|Web value to double in 5 years|
web, economy, google
|The study, commissioned by web giant Google, assumes that in four years 3bn people will be using the internet, or nearly 50% of the world's population. |
My view is that in 10 years the internet will either be a completely different place with new protocols or be in meltdown. The internet is a mess, technically and content-ly.
In terms of relative signficance to country's economies :
|In 2010, the internet economy in the G20 group of leading nations was worth $2.3tn - larger than the economies of Italy or Brazil, but a mere 4.1% of the total size of all G20 economies. [bbc.co.uk...] |
Whoever dominates this, indirectly influences policy and business across those nations. No wonder regulators and business needs to be wary.
Sponsored by Google and by Google pushing social.
|* about 80% of all internet users will access the web from a mobile |
They need to define mobile much more accurately, mobile phones, iPads, tablet PCs, Netbooks, Lap tops.?.?.? Hey, I can easily predict such a broad swathe. Let's just say about 20% of us will still be using fairly fixed work stations! So where does that put hotdesking with laptops?
|* the internet will go social, and allow customers and companies to engage with each other |
Social will be important to some/many people however my prediction is that their predictions will be wrong:-)
Privacy is going to become more important as more securiity breaches occur, that's inevitable, and as people use far superior methods of sharing their social data than posting it in public.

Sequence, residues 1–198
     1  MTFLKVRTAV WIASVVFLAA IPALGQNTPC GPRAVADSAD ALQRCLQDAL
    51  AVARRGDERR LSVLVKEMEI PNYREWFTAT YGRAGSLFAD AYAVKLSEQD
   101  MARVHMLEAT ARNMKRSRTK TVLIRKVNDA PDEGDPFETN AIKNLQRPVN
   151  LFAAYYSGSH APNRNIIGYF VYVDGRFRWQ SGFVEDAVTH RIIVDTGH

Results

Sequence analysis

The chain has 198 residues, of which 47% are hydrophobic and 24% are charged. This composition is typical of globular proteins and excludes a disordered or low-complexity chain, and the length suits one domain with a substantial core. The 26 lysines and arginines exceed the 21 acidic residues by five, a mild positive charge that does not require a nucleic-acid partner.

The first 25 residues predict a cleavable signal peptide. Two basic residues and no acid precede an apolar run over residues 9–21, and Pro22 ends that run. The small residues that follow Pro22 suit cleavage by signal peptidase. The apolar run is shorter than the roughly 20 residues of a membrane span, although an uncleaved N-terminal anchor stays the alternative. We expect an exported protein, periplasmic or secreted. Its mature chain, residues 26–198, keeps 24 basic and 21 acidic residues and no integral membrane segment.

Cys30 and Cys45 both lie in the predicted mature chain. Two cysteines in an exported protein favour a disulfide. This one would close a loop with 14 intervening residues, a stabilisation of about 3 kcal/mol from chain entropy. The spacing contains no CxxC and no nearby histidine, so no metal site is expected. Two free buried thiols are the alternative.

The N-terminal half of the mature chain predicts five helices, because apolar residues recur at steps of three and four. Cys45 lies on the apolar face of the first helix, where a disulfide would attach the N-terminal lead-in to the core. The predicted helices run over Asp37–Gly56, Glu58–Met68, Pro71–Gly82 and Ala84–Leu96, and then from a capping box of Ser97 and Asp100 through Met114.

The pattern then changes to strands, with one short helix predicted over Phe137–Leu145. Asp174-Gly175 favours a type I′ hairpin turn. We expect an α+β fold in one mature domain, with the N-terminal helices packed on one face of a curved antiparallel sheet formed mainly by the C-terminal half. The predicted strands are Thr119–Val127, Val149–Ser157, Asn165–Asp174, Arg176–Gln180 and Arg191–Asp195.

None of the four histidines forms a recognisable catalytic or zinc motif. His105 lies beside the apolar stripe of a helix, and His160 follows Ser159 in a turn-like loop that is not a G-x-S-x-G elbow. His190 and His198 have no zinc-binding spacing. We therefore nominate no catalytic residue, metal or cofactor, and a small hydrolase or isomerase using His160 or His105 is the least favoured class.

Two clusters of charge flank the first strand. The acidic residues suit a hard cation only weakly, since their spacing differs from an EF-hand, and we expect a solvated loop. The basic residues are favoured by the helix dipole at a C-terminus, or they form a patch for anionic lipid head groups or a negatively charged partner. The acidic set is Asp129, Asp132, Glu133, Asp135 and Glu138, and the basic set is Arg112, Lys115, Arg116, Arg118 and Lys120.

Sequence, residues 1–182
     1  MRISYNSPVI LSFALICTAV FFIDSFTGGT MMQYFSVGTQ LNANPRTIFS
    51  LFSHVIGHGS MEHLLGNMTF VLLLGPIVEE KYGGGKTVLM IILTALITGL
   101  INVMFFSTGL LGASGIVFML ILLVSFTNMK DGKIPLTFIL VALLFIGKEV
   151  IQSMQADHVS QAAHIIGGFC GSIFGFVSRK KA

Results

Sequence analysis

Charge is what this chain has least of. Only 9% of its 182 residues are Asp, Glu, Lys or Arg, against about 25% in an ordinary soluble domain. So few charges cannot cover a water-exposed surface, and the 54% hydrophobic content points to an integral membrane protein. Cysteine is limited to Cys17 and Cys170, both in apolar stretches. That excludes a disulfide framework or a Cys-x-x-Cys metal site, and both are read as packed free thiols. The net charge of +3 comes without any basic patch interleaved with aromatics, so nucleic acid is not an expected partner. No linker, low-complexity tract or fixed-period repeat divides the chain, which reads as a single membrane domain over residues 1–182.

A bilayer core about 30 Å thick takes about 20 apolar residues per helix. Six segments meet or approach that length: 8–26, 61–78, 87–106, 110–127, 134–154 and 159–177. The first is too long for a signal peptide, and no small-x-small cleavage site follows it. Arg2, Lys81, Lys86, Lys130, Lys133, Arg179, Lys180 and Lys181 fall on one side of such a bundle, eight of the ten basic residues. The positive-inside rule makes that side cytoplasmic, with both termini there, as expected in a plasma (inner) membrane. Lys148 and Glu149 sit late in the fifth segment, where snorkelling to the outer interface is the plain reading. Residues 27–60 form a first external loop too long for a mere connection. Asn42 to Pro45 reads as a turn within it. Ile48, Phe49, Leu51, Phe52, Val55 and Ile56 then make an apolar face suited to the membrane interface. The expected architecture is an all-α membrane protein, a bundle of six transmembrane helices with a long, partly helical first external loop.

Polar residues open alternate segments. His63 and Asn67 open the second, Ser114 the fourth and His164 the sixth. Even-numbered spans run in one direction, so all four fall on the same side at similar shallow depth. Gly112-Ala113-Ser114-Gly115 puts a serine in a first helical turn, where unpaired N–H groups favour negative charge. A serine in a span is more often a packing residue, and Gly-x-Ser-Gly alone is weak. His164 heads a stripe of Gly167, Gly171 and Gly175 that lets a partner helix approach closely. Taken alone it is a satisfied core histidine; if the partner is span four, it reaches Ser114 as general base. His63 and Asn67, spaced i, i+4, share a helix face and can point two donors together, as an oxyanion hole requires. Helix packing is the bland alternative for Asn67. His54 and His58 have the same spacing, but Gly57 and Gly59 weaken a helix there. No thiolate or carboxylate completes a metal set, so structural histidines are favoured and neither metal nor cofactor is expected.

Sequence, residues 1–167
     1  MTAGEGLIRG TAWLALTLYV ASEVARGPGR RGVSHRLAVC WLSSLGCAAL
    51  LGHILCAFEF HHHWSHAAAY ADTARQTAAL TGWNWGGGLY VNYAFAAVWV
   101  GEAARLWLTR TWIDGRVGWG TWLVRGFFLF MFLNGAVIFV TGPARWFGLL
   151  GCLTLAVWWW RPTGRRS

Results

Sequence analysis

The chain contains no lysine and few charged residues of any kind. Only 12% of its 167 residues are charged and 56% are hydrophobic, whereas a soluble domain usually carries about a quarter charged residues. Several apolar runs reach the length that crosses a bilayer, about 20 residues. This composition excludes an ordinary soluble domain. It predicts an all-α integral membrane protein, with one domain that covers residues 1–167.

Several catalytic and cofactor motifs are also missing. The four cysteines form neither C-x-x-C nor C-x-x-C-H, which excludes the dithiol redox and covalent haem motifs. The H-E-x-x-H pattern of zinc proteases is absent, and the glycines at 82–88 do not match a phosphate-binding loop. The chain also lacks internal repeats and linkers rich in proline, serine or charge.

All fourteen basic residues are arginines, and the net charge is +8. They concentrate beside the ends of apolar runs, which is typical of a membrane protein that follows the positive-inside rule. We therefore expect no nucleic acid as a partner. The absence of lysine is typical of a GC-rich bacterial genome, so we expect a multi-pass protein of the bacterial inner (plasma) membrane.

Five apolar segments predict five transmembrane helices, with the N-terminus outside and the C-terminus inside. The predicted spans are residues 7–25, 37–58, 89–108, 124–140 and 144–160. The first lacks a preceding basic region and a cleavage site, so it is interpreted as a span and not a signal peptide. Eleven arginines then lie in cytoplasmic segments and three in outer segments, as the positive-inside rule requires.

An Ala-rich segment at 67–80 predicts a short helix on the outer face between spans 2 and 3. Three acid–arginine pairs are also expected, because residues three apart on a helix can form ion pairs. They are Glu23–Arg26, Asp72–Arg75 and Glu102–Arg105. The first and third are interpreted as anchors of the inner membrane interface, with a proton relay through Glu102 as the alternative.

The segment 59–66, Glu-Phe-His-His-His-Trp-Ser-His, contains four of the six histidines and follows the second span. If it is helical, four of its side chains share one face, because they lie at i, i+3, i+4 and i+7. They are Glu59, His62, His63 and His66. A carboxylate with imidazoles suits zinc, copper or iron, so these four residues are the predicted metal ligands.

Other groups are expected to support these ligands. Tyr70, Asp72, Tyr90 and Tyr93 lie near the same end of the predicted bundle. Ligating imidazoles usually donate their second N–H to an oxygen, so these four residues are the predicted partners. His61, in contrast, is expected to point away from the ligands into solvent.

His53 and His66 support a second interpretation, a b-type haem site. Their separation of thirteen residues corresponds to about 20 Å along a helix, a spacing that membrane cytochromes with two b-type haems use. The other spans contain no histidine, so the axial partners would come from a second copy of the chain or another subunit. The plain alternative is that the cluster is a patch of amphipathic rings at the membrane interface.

Just how na´ve are these researchers? Do they honestly believe that until now customers and companies on whatever level have never engaged with each other?
Oooops...I forgot, we're probably referring to graduate corporate ostriches here.
|My view is that in 10 years the internet will either be a completely different place |
Completely different. We're still in the Wild West, but rules and restrictions are coming to everyone about what you say, where you go, what you upload/download, etc.
It's not (necessarily) rules and restrictions but protocols that need to change.
So-called standards such as web and mail are wide open to abuse and so far they have only been (badly) patched. A new patch announced today-ish - DMARC - is only the latest patch for mail, for example, and does not address the fundamental protocol security issues. In particular, it does not address the issue of spam being sent by the "top" agencies' webmail sites for such as G, Y, hotmail and AOL.